New Jersey's Emergency Medical Services (EMS) Task Force Event; Strategy and Equipment Now in Place for Post-9/11 Medical Response

JERSEY CITY, NJ ― Federal, state and county officials joined emergency medical services (EMS) personnel from around the state to celebrate EMS Week with a display of emergency equipment that has been purchased to enhance the state’s ability to respond to large-scale emergencies Post 9/11, said Richard L. Cañas, Director of New Jersey’s Office of Homeland Security and Preparedness. Members of the New Jersey Emergency Medical Services (EMS) Task Force, which was formally established in 2003 to meet the needs of EMS responders throughout the state to catastrophes of major proportions, demonstrated more than 20 pieces of specialized equipment first responders will use in the event of an emergency. This equipment included:

  • A 40-foot Technology Support Unit, capable of providing communications and technological support to large operations.
  • A 36.5-foot Mass Care Response Unit, which functions as a mobile emergency room to provide medical support to mass casualty incidents, capable of managing more than 100 patients from a mass casualty incident.
  • A 38-foot Special Operations Vehicle to provide logistical support to extended EMS operations, capable of transporting ambulatory and stretcher patients and equipment.
  • Several Logistics Support and Staging Area Management Trailers, capable of providing support equipment and EMS assets at large events.


Cañas said that to date, more than $10 million has been spent on the equipment, using a combination of federal and state grants, including the federal Urban Area Security Initiative, (UASI) grant program and the Medical Preparedness, (MEDPREP) grant program managed by the New Jersey Department of Health and Senior Services (NJDHSS). The equipment is positioned strategically throughout the state, Cañas said. “Using UASI and other federal and state funds to invest in this equipment is part of the state’s strategy to respond to large-scale emergencies, whether from a terrorist attack or natural disasters,” Cañas said. “Any major event will require a rapid response from the EMS community; we have to ensure they have the necessary equipment so they can safely and efficiently perform their vital duties.” “This equipment will help first responders minister effectively to victims and will ease the burden on the state’s hospitals during and after a catastrophic event,” said Department of Health and Senior Services Commissioner Heather Howard. “New Jersey has thousands of talented and dedicated emergency responders and it is fitting that we are displaying this equipment and recognizing their valiant service during National Emergency Medical Services Week,” she said. “The addition of this equipment enhances our state’s and local first responders’ ability to protect our residents and our infrastructure during and after an emergency,” said New Jersey State Police Superintendent, Colonel Joseph R. “Rick” Fuentes, who also serves as the Director of the State’s Office of Emergency Management. “The Task Force’s nearly 200 members and more than 40 participating agencies will prove invaluable during any disaster.” The New Jersey EMS Task Force is a multi-agency, all-hazards response organization coordinated through the Office of Emergency Medical Services at the state’s Department of Health and Senior Services. Task Force members, who represent career and volunteer organizations from around the state, undergo extensive training on how to respond to large scale emergencies. Task Force members have been deployed to provide response assistance and other support for large-scale emergencies, including Hurricane Katrina, New Jersey’s April 2007 Nor’easter and last summer’s wildfires at Warren Grove.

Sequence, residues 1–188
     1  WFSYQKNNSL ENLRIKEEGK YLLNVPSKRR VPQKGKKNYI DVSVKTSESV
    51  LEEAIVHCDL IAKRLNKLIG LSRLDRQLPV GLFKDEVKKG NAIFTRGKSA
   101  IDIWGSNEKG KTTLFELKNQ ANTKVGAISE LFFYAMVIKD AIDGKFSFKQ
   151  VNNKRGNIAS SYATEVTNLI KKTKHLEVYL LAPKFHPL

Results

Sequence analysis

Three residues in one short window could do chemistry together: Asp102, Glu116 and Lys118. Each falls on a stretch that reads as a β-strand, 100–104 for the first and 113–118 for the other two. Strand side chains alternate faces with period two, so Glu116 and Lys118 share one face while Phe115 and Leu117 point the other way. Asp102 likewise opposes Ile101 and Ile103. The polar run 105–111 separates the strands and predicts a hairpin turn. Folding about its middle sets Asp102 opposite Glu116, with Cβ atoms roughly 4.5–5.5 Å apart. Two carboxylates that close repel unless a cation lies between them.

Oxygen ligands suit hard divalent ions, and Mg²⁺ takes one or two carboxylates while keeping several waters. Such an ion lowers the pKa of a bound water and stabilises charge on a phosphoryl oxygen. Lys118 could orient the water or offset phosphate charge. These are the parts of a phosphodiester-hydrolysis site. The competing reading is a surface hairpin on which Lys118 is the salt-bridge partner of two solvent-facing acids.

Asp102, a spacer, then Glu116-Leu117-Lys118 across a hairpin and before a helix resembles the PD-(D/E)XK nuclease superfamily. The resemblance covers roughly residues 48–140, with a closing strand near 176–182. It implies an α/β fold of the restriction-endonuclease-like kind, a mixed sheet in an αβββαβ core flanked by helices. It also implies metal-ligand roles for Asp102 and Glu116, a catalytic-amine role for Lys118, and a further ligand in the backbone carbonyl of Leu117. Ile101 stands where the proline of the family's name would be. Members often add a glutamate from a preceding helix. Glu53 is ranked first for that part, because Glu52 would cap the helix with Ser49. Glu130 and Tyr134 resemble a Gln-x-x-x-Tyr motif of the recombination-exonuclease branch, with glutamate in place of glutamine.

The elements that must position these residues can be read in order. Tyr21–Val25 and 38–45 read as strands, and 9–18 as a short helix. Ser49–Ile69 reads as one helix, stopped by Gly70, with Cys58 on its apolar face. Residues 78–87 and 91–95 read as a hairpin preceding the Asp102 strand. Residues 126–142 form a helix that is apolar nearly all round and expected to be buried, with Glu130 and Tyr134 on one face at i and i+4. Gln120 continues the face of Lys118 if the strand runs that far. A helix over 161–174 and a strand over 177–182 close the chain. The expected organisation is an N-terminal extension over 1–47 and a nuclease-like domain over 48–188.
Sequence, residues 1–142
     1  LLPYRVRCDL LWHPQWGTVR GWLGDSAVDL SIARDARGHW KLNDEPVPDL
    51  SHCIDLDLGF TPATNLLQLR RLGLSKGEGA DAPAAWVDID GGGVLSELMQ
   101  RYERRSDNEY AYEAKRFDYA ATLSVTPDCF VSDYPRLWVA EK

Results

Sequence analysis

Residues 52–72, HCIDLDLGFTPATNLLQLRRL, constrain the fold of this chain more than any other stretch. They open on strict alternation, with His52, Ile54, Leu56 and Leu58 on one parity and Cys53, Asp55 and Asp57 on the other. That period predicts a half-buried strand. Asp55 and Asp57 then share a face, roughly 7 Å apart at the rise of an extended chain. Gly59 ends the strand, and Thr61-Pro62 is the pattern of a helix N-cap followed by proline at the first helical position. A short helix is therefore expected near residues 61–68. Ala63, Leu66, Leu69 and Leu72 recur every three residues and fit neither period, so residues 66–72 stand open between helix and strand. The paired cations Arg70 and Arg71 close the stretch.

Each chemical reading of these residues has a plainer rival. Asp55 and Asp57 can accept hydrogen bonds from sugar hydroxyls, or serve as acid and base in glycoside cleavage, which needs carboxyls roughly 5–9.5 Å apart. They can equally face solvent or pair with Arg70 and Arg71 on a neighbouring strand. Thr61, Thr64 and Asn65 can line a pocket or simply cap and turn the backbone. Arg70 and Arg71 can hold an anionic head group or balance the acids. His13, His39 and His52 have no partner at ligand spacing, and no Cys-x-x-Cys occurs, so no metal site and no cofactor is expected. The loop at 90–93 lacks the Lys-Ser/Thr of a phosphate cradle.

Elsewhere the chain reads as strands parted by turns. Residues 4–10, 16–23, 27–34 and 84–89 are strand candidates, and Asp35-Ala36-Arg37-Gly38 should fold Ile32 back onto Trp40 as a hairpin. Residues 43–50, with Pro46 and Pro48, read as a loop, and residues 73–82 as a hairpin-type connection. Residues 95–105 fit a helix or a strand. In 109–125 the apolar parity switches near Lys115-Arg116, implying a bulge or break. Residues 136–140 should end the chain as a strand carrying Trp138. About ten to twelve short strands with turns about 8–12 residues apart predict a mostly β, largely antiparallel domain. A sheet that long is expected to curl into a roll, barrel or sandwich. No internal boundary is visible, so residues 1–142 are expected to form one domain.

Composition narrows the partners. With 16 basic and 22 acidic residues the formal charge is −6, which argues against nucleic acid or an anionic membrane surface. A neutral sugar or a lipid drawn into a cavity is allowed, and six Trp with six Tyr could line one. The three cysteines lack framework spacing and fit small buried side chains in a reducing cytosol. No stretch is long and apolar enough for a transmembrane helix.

For more information, contact: Dominic Rota, NJOHSP Phone: (609) 588-7250

Tom Slater, NJDHSS Phone: (609) 984-5348